When announcing the upcoming game, the German section of Vatican News reported FCM founder Ernst Lackner as saying he had initially not expected that the Vatican team would really accept the invitation, but that the Archbishop of Vienna, Cardinal Christoph Schönborn, had assured the Vatican team that FC Mariahilf was a serious team that was also strongly committed to charity.

The papal women’s football team had its first appearance in 2018 and immediately received an invitation from FCM, which is currently playing in the Wiener Landesliga, the third highest league in domestic women’s football



Yesterday afternoon some members of D.VA – Donne in Vaticano (Women in the Vatican) – met for Mass in the Church of Our Sorrowful Lady that is part of the Vatican’s Teutonic Cemetery. Our spiritual advisor, Jesuit Fr. Federico Lombardi, former head of Vatican Radio, Vatican Television and the Holy See Press Office, celebrated Mass.

Earlier in the morning, Pope Francis had named Fr. Lombardi as the moderator for the February 21-24 meeting in the Vatican of the heads of the world’s Episcopal conferences to discuss the clerical abuse scandal.

The pictorial sides of the main altar by Macrino d’Alba show the theme of the Pietà at the centre and sides – from left to right Saint Paul with Saint John the Baptist, Saint Anne with Mary, Jesus and the apostles Peter and James. The stone slab at the front part of the main altar is a typical example of a late archaic medieval style and most likely was originally part of an altar barrier.

Our Sorrowful Lady –

I have been to this church a number of times, occasionally just as part of a visit to this beautiful and historic cemetery, a few times for Mass and two years ago when I attended an ecumenical Christmas concert here in support of Christian refugees from Syria, Jordan and Lebanon. The guest of honor was Eliyo, the professional name of Sarah Ego, a Syrian Orthodox singer who was born in Augsburg, Germany. Sarah sang traditional German Christian chorals as well as several songs in Aramaic, the language of Jesus and the Apostles, Schubert’s Ave Maria in Latin and several Christmas carols in English.

Photos from that night in the Teutonic cemetery

The Teutonic Cemetery is found in the Vatican between St. Peter’s Basilica and the Paul VI Audience Hall. It is the oldest German establishment in Rome. The entire area is surrounded by a high wall and does not immediately draw one’s attention. However, even a rushed visitor will quickly be drawn by the charm of this plot of land so rich in history. In ancient Roman times Nero’s circus was found here and it was the site where many Christians were martyred. In 799 a Schola Francorum was spoken of for the first time. For this reason, on the wall of the building there is a ceramic depiction of Charlemagne as the founder. A clearer idea of its history came only in the mid-15th century when the Holy Year 1450 brought many pilgrims to Rome.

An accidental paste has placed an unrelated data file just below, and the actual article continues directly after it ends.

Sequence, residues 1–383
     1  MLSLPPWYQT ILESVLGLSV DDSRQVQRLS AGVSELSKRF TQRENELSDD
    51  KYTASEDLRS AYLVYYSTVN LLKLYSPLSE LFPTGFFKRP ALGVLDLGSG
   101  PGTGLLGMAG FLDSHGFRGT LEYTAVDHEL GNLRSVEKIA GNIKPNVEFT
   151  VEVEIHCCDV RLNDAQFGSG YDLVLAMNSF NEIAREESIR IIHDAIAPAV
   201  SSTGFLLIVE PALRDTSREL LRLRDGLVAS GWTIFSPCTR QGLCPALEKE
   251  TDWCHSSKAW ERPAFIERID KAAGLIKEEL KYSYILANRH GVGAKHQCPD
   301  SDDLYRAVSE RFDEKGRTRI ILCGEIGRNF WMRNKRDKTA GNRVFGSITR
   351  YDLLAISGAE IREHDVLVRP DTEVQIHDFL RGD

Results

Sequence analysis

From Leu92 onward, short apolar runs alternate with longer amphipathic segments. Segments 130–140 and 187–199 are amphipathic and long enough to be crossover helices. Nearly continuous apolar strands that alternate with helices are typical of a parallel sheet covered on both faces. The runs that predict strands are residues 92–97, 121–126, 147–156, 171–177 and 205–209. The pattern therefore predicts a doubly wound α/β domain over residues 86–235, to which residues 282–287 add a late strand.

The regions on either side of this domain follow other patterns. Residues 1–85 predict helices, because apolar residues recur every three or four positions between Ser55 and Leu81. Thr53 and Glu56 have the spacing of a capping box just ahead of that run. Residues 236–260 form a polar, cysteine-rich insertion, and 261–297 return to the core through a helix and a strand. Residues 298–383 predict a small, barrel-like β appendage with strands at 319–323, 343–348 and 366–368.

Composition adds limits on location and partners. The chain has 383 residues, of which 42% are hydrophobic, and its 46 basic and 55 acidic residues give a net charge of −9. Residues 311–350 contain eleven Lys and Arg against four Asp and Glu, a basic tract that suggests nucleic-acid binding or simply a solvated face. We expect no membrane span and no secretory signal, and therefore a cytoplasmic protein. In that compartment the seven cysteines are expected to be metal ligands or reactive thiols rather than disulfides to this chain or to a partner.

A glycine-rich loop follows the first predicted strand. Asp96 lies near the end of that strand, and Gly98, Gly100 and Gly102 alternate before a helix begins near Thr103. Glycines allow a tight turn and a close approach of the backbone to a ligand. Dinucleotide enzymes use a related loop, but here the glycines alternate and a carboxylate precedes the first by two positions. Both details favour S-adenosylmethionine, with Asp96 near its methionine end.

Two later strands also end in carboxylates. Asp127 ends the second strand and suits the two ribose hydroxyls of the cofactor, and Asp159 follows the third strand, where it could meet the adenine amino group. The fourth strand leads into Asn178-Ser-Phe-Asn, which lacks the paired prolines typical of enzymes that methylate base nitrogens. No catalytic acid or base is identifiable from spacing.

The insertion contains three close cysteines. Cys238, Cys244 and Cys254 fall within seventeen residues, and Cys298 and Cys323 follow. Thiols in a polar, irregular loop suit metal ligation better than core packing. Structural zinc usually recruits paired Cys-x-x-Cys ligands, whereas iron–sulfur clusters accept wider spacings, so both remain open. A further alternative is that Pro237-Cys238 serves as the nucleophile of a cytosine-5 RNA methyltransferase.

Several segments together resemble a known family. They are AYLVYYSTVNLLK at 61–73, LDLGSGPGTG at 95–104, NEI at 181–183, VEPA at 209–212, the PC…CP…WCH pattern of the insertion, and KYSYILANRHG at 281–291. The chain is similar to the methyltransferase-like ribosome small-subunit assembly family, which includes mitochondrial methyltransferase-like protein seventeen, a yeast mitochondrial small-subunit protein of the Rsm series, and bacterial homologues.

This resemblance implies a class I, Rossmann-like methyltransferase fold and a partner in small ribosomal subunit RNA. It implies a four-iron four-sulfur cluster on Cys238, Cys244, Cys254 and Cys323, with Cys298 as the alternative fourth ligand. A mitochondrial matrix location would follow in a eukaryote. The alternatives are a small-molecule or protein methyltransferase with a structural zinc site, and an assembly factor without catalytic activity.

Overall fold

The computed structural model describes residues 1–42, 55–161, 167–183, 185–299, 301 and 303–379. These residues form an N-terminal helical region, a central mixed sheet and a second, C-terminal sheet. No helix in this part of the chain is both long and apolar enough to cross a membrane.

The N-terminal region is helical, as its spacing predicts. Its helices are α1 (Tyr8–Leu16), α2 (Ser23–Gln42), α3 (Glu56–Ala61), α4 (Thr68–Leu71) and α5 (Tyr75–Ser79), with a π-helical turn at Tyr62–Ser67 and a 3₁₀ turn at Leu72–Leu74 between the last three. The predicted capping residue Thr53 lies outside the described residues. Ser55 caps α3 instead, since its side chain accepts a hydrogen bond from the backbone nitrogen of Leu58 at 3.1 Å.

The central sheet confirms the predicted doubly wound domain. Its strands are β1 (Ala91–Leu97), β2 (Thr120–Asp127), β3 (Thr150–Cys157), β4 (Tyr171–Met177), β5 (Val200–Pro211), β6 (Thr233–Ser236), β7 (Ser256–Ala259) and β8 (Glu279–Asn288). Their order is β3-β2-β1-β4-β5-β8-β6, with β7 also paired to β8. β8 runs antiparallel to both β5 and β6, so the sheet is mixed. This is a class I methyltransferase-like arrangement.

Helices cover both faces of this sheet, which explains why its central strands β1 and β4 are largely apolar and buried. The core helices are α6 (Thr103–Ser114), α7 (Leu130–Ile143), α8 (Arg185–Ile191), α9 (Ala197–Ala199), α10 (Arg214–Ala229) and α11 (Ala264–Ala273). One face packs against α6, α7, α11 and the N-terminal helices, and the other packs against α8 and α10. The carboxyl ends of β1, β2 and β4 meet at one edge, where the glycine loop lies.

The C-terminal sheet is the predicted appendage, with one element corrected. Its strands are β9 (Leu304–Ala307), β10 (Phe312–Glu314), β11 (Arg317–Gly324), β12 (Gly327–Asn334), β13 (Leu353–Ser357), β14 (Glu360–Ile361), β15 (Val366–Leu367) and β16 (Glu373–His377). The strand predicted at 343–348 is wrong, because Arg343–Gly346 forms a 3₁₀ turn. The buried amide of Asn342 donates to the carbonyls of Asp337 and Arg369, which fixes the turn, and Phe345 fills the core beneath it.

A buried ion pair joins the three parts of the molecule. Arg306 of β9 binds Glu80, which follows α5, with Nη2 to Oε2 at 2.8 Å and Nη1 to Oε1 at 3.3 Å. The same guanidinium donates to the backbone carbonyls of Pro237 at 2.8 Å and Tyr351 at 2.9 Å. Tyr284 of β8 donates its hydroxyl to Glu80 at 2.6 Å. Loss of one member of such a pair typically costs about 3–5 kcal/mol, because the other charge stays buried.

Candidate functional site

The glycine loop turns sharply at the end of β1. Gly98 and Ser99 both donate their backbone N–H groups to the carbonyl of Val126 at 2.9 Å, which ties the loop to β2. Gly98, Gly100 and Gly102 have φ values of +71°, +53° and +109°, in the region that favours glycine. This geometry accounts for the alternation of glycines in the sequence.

The cemetery and the church were in bad shape at that time, but both were soon rebuilt. In 1454 the German members of the Curia gathered together as a special as a confraternity that still exists today in a different form and is owner of the foundation.

In the last quarter of the 15th century the current structure of the church was built according to a style widely used in Germany at the time. In 1597 the confraternity was promoted to the “Archconfraternity of Our Lady” at the German Cemetery next to St. Peter’s. In 1876 a residence was built for priests studying Christian archaeology, church history and other similar fields. In 1888 the Roman Institute of the Goerres Society took up residence there with a library of around 35,000 books.

I try when possible to accompany friends to this beautiful final resting place.

Access to the church is by way of the cemetery and was completely renovated in restoration work from 1972-1975. The entryway was designed by Elmar Hillebrand (Cologne, Germany) and donated in 1957 by the President of the Republic of Germany Theodor Heuss. On the left door is a Madonna and Child underneath the Archconfraternity’s coat of arms, a mix of a two-headed eagle with the Pietà. The Resurrection is depicted on the right side.

The Swiss Chapel served as a burial place for the fallen guards after the Sack of Rome. The frescoed walls were painted by Polidor Caldara, a disciple of Raffaello, and are of very high quality. This is curtently being renovated

Given its special location, the Teutonic Cemetery has always received many requests for burial. According to the statutes, those who have a right to be buried here include members of the Archconfraternity, members of many religious houses of German origin and members of the two German colleges in Rome (the Anima and the Germanico). Prayer is open to all although visitors most often come to find the graves of famous people of ecclesiastical, artistic, political or diplomatic backgrounds:

Josef Anton Koch, landscape painter (+ 1839)
Ludwig Curtius, archaeologist (+ 1954)
Johann Baptist Anzer, first missionary bishop of the Divine Word Missionaries (+ 1903)
Joseph Spithöver, key promoter of German culture in Rome during the 19th century (+ 1870)
Stefan Andrei, writer (+ 1970)
Johann Martin von Wagner, archaeologist and artist (+ 1858)
Anton de Waal, first rector of the College (+ 1917)
Engelbert Kirschbaum, S.J., Archaeologist, key colleague in the discovery of Peter’s tomb (+ 1970)
Card. Gustavo von Hohenlohe (+ 1896)
Augustin Theiner, Prefect of the Vatican Secret Archives (+ 1874).